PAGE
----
Yu Xie named director of new Center on Contemporary China at Princeton

Yu Xie

Yu Xie

Photo by Denise Applewhite, Office of Communications

Yu Xie, the Bert G. Kerstetter '66 University Professor of Sociology and the Princeton Institute for International and Regional Studies (PIIRS), has been named the inaugural director of the Center on Contemporary China at Princeton University.

Xie joined the faculty Aug. 1 after 26 years at the University of Michigan, most recently as the Otis Dudley Duncan Distinguished University Professor of Sociology, Statistics and Public Policy and a research professor in the Population Studies Center at Michigan's Institute for Social Research. Xie's main areas of interest are social stratification, demography, statistical methods, Chinese studies and sociology of science. He is a member of the American Academy of Arts and Sciences, Academia Sinica and the National Academy of Sciences.

His appointment is part of a University initiative to deepen the regional studies curriculum in the social sciences. The Center on Contemporary China is part of PIIRS, and Xie's appointment marks the first joint faculty appointment by PIIRS and a department in the social sciences.

"Yu Xie's appointment is a transformative event for PIIRS and for the study of contemporary China at Princeton," said Mark Beissinger, the Henry W. Putnam Professor of Politics and director of PIIRS. "It brings a world-class demographer and sociologist to the University and establishes the new Center for Contemporary China as a focal point for the development of China-related research and instruction in the social sciences."

The center will bring visitors from China on an annual basis and sponsor research-related activities on contemporary Chinese society.

"This is a particularly exciting time to conduct social science research and provide university-level teaching on China," Xie said. "China remained poor, undeveloped and isolated from the rest of the world from the time of its unification in 1949 until 1978, when the economic reform initiated a new era. Since then, China has been undergoing a social transformation the scope, rapidity and impact of which are unprecedented in human history, during which all aspects of Chinese society have been changed fundamentally and forever.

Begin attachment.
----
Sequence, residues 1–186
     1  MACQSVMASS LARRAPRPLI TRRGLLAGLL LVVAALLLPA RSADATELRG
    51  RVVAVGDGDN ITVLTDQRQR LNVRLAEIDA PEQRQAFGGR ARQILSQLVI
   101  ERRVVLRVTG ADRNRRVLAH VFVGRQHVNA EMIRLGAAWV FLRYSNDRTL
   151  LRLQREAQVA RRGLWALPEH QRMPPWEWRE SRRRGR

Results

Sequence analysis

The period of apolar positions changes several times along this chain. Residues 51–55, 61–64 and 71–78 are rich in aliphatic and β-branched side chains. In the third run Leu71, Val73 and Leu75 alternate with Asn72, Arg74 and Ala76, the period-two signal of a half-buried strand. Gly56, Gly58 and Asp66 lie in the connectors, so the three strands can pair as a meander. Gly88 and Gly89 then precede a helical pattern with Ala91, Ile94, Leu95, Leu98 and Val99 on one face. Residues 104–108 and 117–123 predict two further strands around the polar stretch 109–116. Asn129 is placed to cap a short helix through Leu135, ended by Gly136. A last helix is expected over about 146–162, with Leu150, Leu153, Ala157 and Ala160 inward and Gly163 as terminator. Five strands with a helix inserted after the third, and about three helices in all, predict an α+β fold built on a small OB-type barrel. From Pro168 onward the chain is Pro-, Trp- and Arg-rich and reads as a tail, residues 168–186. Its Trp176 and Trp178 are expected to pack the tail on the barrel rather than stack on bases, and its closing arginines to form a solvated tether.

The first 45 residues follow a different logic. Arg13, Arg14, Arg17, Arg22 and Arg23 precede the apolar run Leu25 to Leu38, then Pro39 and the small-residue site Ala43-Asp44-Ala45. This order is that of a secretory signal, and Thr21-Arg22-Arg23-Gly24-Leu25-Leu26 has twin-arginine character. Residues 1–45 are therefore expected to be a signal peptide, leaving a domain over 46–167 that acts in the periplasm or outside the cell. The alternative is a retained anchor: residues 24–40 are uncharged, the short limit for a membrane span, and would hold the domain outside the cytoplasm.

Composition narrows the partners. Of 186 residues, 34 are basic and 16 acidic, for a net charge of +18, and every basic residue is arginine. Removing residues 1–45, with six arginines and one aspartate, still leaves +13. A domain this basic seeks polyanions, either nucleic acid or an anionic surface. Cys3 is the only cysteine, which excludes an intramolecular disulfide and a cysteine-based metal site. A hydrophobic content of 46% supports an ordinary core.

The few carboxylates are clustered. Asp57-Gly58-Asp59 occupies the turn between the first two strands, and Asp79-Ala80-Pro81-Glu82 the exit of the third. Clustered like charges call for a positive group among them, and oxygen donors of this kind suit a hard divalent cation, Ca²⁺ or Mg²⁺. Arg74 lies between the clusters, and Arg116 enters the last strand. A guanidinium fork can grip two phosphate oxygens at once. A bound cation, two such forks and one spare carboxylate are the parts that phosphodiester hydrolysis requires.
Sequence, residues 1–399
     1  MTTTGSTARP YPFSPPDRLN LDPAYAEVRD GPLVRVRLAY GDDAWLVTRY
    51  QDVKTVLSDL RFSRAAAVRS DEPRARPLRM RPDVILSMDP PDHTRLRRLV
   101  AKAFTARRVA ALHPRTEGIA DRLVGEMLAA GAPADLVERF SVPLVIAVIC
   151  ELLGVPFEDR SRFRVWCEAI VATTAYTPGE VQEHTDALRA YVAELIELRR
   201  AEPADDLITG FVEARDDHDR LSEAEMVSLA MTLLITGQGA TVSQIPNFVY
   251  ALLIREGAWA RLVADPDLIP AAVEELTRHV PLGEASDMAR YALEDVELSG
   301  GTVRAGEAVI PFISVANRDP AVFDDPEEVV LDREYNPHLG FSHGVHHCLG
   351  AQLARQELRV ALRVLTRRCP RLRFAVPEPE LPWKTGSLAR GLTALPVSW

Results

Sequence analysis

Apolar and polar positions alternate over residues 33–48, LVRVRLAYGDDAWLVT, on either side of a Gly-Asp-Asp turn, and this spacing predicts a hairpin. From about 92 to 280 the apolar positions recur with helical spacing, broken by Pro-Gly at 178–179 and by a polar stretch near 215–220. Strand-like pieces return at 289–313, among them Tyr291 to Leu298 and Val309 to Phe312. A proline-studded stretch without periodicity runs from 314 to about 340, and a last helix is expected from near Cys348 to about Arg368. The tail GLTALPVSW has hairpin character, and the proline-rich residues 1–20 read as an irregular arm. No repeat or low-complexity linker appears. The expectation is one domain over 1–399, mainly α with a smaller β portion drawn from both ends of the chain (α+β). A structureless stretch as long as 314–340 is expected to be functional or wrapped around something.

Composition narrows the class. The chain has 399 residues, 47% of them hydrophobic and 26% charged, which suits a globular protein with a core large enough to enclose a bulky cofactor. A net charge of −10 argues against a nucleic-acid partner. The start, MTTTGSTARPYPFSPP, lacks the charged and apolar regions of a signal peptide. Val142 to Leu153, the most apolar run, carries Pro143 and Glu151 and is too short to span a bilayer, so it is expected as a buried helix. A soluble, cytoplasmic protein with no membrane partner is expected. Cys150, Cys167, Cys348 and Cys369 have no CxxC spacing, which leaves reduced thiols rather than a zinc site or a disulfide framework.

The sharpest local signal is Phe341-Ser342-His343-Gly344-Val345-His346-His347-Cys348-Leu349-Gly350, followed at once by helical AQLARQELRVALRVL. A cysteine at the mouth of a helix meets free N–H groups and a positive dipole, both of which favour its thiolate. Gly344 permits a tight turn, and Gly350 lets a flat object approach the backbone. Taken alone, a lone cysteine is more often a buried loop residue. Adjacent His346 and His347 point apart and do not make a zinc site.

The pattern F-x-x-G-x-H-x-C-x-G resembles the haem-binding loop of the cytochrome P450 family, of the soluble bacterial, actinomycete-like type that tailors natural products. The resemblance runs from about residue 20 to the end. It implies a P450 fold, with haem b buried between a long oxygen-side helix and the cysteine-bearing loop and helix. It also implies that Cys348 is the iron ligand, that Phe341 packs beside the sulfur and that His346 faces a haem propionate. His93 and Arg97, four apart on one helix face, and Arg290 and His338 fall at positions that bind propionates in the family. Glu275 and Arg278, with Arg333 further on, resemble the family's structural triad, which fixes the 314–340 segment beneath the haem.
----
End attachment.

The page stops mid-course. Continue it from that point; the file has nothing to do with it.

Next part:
"There are now good opportunities to study changes in China and their long-term impact on not only the 1.3 billion Chinese now living in China — the largest population in the world today — but also people living elsewhere, in developed as well as developing countries," he said.

Xie's plans for the coming academic year include developing a graduate seminar series this fall, teaching an undergraduate class in the spring and conceiving an annual PIIRS Global Seminar that will take place in China, beginning in the summer of 2016. The seminar will be held in Beijing at Peking University, where Xie has longstanding professional relationships and research affiliations.

"The seminar will focus on all aspects of Chinese life, such as the family unit, population, rural China, education, income inequality, poverty, gender equality and health," Xie said. "I want to take students on several excursions such as to south and west China, and places where people are impoverished, not well educated and undernourished. I want them to experience as much of China in reality as possible."

Like in almost all PIIRS Global Seminars, students from a local university will participate in classes to provide perspective and guidance as well as to help Princeton students acclimate to their surroundings.

The classes will be taught in English, and there will be some elementary language instruction in Chinese.

Xie's course at Princeton in the spring, "Contemporary China," will look at Chinese society through its history, cultural practices, government, economy and family structure.

Xie, who was born in China, began his academic career as a specialist on the United States. In the 1990s, he developed his interest in studying China as he witnessed the country's rapid transformation after the Cultural Revolution. Currently, he spends three to four months in China each year conducting research.

"China's growth is unprecedented," he said. "Major social changes are occurring at a very rapid pace. We have a historical opportunity to document large social changes."

Some of Xie's recently published works include "Marriage and Cohabitation" (University of Chicago Press 2007) with Arland Thornton and William Axinn, "Statistical Methods for Categorical Data Analysis" with Daniel Powers (Emerald 2008, second edition), and "Is American Science in Decline?" (Harvard University Press, 2012) with Alexandra Killewald.

Yan Bennett is the program manager for the Center on Contemporary China, which is housed in Wallace Hall. Xiang Zhou, who worked closely with Xie at Michigan, has joined the center as a postdoctoral research associate.